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  • Imaginability, Possibility, and the Puzzle of Imaginative Resistance.Janet Levin - 2011 - Canadian Journal of Philosophy 41 (3):391-421.
    It is standard practice in philosophical inquiry to test a general thesis (of the form 'F iff G' or 'F only if G') by attempting to construct a counterexample to it. If we can imagine or conceive of1an F that isn't a G, then we have evidence that there could be an F that isn't a G — and thus evidence against the thesis in question; if not, then the thesis is (at least temporarily) secure. Or so it is standardly (...)
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  • Smartfounding: Four Grades of Resistance to Thought Experiments.Roy Sorensen - 2019 - Topoi 38 (4):791-800.
    Smartfounding is the opposite of “dumbfounding” introduced by Jonathan Haidt’s research on disgust. Dumbfounders have general competence at thought experiment. However, they are flustered by thought experiments that support repugnant conclusions. Instead of following the supposition wherever it leads, they avoid unsettling implications by adding extraneous information or ignoring stipulated conditions. The dumbfounded commit performance errors, often seeming to regress to the answers of people who lack formal schooling. Smartfounders retain their composure. They practice subversive compliance, obeying the instructions in (...)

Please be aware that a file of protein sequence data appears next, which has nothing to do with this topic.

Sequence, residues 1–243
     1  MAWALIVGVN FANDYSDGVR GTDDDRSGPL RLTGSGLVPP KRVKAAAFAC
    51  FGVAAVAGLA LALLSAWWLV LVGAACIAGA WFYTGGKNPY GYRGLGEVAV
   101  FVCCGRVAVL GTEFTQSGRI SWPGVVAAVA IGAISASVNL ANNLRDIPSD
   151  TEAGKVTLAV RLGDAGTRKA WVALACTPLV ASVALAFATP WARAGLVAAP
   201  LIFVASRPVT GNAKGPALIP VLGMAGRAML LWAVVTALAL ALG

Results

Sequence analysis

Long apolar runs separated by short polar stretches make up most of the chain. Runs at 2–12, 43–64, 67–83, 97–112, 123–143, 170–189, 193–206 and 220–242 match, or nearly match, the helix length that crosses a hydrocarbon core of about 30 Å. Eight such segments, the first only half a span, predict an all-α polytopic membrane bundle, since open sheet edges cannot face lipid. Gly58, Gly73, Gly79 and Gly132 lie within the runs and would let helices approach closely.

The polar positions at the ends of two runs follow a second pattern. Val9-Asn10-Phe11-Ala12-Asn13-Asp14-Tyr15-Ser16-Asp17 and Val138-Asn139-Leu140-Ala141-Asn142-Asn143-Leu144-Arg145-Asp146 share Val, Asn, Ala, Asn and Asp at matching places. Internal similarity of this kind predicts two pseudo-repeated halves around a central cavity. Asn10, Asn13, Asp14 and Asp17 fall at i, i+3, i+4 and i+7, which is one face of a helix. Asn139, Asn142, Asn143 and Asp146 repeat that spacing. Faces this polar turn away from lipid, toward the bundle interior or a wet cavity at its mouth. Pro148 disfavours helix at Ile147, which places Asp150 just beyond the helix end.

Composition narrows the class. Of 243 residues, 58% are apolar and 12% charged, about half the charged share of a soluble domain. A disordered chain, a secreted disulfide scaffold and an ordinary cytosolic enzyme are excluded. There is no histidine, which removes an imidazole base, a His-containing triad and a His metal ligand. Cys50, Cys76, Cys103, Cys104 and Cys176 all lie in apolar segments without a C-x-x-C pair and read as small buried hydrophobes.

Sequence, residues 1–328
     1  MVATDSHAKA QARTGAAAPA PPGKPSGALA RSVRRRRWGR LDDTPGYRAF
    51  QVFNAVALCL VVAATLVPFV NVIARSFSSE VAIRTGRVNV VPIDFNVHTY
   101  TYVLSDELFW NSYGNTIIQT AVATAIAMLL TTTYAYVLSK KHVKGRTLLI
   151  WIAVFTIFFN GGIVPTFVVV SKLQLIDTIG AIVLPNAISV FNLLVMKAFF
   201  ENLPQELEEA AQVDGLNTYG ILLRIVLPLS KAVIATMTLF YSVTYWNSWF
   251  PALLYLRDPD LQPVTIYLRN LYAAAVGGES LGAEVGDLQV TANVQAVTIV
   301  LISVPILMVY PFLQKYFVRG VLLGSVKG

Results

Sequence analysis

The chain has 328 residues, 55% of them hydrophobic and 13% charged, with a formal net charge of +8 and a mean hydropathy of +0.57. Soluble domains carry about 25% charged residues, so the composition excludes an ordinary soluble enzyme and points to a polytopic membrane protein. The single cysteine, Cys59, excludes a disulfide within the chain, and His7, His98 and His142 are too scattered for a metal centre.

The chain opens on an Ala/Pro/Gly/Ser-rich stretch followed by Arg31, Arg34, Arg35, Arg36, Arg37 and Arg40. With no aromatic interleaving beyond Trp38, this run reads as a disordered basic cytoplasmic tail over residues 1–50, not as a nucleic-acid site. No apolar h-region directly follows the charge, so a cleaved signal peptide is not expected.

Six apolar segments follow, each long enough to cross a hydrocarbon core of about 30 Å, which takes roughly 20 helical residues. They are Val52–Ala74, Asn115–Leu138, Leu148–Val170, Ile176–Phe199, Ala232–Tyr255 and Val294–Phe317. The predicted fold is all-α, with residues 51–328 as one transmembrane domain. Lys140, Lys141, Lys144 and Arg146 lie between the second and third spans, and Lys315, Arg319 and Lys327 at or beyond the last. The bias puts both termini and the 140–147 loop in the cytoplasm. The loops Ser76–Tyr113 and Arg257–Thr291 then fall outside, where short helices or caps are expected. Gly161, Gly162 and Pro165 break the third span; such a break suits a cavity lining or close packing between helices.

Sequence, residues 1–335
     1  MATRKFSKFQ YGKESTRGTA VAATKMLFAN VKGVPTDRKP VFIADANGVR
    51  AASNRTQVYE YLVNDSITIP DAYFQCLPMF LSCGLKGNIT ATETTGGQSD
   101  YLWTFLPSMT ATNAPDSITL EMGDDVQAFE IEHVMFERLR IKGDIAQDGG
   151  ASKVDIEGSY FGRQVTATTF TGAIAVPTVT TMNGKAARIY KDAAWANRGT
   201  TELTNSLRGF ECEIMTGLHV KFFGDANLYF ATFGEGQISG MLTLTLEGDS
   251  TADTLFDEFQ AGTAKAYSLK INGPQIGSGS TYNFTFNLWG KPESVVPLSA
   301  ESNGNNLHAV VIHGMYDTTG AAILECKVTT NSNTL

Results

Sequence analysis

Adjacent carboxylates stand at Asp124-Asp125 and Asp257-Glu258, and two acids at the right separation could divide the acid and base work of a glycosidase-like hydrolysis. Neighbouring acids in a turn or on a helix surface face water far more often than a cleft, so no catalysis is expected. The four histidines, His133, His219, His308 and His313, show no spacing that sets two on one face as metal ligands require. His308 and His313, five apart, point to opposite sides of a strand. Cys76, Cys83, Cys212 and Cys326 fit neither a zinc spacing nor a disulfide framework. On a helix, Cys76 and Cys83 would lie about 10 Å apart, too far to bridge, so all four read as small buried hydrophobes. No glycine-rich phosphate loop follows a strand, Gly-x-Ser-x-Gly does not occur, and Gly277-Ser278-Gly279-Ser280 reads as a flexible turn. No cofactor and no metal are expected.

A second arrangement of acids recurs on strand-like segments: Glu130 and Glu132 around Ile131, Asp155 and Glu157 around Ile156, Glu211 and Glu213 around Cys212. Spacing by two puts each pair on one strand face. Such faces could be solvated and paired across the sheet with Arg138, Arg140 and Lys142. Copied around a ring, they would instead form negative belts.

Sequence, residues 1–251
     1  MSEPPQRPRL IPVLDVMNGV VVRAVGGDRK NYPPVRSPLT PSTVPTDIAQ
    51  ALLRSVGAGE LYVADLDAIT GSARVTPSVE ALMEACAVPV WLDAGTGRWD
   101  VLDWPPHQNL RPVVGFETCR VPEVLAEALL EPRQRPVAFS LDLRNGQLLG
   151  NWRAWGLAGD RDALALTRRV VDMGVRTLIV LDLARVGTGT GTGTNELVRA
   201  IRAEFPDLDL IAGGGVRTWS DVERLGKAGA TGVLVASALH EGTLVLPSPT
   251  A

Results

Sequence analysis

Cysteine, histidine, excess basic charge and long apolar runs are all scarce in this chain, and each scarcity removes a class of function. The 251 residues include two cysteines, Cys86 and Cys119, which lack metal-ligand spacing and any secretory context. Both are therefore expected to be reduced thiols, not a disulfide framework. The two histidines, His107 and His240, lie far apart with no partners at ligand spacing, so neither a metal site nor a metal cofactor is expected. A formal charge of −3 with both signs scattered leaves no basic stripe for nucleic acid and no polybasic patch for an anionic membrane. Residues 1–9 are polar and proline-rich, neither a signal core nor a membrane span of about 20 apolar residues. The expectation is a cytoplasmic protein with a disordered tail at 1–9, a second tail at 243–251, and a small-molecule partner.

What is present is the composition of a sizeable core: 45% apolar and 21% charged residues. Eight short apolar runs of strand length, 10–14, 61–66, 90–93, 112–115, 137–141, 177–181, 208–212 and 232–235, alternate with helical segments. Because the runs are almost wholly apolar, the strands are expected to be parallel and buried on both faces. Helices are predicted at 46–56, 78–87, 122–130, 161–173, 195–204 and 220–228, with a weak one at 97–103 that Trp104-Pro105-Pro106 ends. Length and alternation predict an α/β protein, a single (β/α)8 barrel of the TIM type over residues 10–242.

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  • Imaginative Resistance and Empathic Resistance.Thomas Szanto - forthcoming - Topoi:1-12.
    In the past few decades, a growing number of philosophers have tried to explain the phenomenon of imaginative resistance, or why readers often resist the invitation of authors to imagine morally deviant fictional scenarios. In this paper, I critically assess a recent proposal to explain IR in terms of a failure of empathy, and present a novel explanation. I do so by drawing on Peter Goldie’s narrative account of empathic perspective-taking, which curiously has so far been neglected in the IR-literature. (...)
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  • Perspectives in Imaginative Engagement with Fiction.Elisabeth Camp - 2017 - Philosophical Perspectives 31 (1):73-102.
    I take up three puzzles about our emotional and evaluative responses to fiction. First, how can we even have emotional responses to characters and events that we know not to exist, if emotions are as intimately connected to belief and action as they seem to be? One solution to this puzzle claims that we merely imagine having such emotional responses. But this raises the puzzle of why we would ever refuse to follow an author’s instructions to imagine such responses, since (...)
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  • Sugar and Spice, and Everything Nice: What Rough Heroines Tell Us About Imaginative Resistance.Adriana Clavel-Vazquez - 2018 - Journal of Aesthetics and Art Criticism 76 (2):201-212.